Beautiful, manipulative and deadly, his new master Prince Laurent epitomises the worst of the decadent court at Vere. But in the lethal web of Veretian politics, nothing is as it seems, and when Damen is caught up in a dangerous play for the throne, he must form an alliance with Laurent to survive and save his country.
For Damen, there is just one rule: he must never reveal his true identity. Because the one man Damen needs is the one man who has more reason to hate him than anyone else . . .
Sidenote: Captive Prince is absolutely my problematic fave because it is fucked up, okay? It’s also not YA by any stretch of the imagination so definitely inform yourself of the potential triggers before reading if you need to, slavery, rape and pedophilia being chief among them.
And I Darken
By Kiersten White
No one expects a princess to be brutal. And Lada Dragwyla likes it that way.
Ever since she and her brother were abandoned by their father to be raised in the Ottoman sultan’s courts, Lada has known that ruthlessness is the key to survival. For the lineage that makes her and her brother special also makes them targets.
Lada hones her skills as a warrior as she nurtures plans to wreak revenge on the empire that holds her captive. Then she and Radu meet the sultan’s son, Mehmed, and everything changes. Now Mehmed unwittingly stands between Lada and Radu as they transform from siblings to rivals, and the ties of love and loyalty that bind them together are stretched to breaking point.
The first of an epic new trilogy starring the ultimate anti-princess who does not have a gentle heart. Lada knows how to wield a sword, and she’ll stop at nothing to keep herself and her brother alive.
Highly Illogical Behavior
By John Corey Whaley
Sixteen-year-old Solomon is agoraphobic. He hasn’t left the house in three years, which is fine by him.
Ambitious Lisa desperately wants to get into the second-best psychology program for college (she’s being realistic). But is ambition alone enough to get her in?
Determined to “fix” Sol, Lisa steps into his world, along with her charming boyfriend, Clark, and soon the three form an unexpected bond. But, as Lisa learns more about Sol and he and Clark grow closer and closer, the walls they’ve built around themselves start to collapse and their friendships threaten to do the same.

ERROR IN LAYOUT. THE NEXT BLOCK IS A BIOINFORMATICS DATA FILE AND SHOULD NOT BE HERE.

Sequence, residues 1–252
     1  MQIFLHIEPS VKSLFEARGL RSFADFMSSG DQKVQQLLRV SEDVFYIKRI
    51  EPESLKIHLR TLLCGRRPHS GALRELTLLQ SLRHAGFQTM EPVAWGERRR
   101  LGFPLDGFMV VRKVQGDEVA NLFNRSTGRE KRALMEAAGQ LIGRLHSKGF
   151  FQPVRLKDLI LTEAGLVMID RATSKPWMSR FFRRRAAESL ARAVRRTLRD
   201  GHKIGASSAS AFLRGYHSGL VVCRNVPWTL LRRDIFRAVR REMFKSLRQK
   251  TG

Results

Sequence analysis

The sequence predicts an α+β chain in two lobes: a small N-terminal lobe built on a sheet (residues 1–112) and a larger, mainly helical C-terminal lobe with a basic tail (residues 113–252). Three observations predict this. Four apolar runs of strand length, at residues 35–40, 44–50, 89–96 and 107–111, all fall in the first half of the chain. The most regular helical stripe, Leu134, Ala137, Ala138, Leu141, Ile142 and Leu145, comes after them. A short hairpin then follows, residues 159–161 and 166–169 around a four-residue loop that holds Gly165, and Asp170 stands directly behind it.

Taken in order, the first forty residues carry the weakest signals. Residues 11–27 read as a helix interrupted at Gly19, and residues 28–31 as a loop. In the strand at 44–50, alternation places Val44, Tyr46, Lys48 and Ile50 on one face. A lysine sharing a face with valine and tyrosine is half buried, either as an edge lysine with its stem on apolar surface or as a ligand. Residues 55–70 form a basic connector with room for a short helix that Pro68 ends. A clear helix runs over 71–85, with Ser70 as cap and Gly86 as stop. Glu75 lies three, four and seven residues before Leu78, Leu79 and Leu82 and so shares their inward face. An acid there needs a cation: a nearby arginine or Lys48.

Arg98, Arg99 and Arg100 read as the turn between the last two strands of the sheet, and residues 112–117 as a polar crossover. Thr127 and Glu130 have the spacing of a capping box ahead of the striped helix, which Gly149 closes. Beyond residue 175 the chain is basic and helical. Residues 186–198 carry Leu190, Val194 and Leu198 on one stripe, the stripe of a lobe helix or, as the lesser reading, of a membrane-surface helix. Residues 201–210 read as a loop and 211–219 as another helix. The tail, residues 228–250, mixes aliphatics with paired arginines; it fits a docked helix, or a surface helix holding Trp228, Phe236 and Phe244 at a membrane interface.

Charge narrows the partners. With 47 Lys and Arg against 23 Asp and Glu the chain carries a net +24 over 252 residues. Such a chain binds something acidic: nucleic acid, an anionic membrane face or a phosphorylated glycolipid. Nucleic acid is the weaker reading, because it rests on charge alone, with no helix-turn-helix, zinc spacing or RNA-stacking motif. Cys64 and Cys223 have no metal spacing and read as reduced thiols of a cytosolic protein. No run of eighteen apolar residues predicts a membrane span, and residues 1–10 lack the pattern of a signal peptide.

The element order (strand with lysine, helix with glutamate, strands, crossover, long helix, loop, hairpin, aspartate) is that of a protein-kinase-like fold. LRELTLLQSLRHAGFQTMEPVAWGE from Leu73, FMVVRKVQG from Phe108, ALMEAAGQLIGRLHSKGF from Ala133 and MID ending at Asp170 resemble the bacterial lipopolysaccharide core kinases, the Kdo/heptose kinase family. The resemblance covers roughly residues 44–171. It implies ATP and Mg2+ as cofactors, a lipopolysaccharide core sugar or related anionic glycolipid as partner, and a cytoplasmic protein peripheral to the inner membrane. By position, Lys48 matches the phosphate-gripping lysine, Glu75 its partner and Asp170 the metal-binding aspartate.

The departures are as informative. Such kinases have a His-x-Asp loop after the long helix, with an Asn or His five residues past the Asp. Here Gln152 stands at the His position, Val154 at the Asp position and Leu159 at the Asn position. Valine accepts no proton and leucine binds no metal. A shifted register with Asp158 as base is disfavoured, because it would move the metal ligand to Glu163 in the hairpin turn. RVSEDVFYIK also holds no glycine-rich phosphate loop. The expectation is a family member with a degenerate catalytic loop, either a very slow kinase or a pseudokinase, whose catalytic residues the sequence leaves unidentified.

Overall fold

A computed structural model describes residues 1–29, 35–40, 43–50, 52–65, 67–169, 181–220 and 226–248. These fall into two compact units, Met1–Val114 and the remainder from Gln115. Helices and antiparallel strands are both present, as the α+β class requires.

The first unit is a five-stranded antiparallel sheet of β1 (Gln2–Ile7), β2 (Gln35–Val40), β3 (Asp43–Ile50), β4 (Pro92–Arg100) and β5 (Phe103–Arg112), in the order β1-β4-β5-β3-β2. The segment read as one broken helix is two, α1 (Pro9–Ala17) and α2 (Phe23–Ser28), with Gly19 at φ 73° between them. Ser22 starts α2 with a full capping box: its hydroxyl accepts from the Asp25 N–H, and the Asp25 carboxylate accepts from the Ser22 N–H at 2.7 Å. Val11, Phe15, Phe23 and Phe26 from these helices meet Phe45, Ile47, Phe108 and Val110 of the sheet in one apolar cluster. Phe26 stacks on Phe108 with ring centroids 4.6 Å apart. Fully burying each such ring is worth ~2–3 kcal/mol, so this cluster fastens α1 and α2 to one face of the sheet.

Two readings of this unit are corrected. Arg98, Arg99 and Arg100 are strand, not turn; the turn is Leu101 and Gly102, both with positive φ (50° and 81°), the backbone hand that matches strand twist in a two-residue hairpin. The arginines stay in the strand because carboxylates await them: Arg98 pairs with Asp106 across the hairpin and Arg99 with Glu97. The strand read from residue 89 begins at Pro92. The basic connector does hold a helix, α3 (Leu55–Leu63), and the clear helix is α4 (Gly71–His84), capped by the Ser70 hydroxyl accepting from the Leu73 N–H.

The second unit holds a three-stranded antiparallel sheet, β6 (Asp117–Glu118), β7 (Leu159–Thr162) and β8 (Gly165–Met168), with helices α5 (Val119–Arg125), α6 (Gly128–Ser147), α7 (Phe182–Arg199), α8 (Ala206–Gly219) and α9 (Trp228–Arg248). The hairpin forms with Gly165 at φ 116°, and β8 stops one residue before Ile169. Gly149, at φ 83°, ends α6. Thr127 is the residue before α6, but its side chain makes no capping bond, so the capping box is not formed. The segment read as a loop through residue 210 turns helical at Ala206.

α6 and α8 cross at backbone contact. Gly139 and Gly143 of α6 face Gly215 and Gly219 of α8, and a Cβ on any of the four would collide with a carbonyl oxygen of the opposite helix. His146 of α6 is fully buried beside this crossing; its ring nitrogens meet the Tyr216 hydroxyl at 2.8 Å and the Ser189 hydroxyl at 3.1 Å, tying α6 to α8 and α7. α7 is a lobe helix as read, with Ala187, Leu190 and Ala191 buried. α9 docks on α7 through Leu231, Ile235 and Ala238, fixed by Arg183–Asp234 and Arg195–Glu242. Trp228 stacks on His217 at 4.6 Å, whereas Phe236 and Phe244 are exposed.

If I Was Your Girl
By Meredith Russo
‘Important and brave. Read this wonderful book, just read it.’ — Jennifer Niven, author of All the Bright Places
Amanda Hardy is the new girl at school.
Like everyone else, all she wants is to make friends and fit in. But Amanda is holding back. Even from Grant, the guy she’s falling in love with.
Amanda has a secret.
At her old school, she used to be called Andrew. And secrets always have a way of getting out.
A book about loving yourself and being loved for who you really are.
By Will Kostakis
The Swimmer. The Rebel. The Nerd.
All Ryan, Harley and Miles had in common was Isaac. They lived different lives, had different interests and kept different secrets. But they shared the same best friend. They were sidekicks. And now that Isaac’s gone, what does that make them?
Will Kostakis, award-winning author of The First Third, perfectly depicts the pain and pleasure of this teenage world, piecing together three points of view with intricate splendour.
The above books aren’t the only ones I enjoyed, but they’re definitely the ones I most vividly remember being my favourite. That doesn’t mean there weren’t others I didn’t enjoy just as much. My memory is fickle so here are some others I also liked:
- Boy Meets Boy by David Levithan
- Simon vs the Homo Sapiens Agenda by Becky Albertalli
- You Know Me Well by Nina LaCour and David Levithan
- The Dark Wife by Sarah Diemer
- Clancy of the Undertow by Christopher Currie
- More Than This by Patrick Ness
- The Abyss Surrounds Us by Emily Skrutskie
- Ash By Malinda Lo
Anyway, every book I’ve listed anywhere in this blog post has at least one viewpoint character who is queer. That’s the way I like it. Next year, I’m going to aim for 40 books and most of that will be taken up by the 2017 Diversity Bingo.
Good fucking riddance, 2016, and let’s batten down the hatches what is likely to be an… interesting 2017.